The Assistant State Attorney assigned to your case is unlikely to offer you pre-trial diversion for your new charge because it has already been offered to you for your prior case.
Instead, you can probably expect to be offered a withhold of adjudication with either a specified term of probation where you will need to report to a probation officer on a monthly basis and successfully complete some sort of theft course or simply a withhold of adjudication with no probation.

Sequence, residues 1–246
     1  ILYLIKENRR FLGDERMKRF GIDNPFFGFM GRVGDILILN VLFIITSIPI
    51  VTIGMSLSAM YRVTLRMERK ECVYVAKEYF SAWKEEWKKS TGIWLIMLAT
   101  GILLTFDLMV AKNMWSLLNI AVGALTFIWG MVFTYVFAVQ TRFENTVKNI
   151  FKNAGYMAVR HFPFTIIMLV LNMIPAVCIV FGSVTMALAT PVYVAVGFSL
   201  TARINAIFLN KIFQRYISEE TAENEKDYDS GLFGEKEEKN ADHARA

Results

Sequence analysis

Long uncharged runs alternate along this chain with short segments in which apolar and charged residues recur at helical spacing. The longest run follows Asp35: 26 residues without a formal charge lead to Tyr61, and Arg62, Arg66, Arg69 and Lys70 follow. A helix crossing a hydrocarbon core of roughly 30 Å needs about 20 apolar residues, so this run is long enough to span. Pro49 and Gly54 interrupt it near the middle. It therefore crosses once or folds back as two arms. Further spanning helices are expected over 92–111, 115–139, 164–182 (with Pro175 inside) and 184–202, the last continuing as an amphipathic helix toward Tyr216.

There is a chance that you may be offered an adjudication, which means that you cannot truthfully answer "No" when asked by a potential employer if you have every been convicted of a crime. Apart from jail, this is the least attractive outcome for your case because it can affect you in the future.
I would agree with Mr. Caldarone's answer. Unless there is something significant that you have left out, you are likely to be offered probation. I also add that a conviction could impact on your future employment opportunities. This is a crime where a conviction could be used to impeach your credibility should you ever have to testify in court. Additionally, this is a crime that can be enhanced to a first degree misdemeanor for a second conviction and to a felony for a third conviction.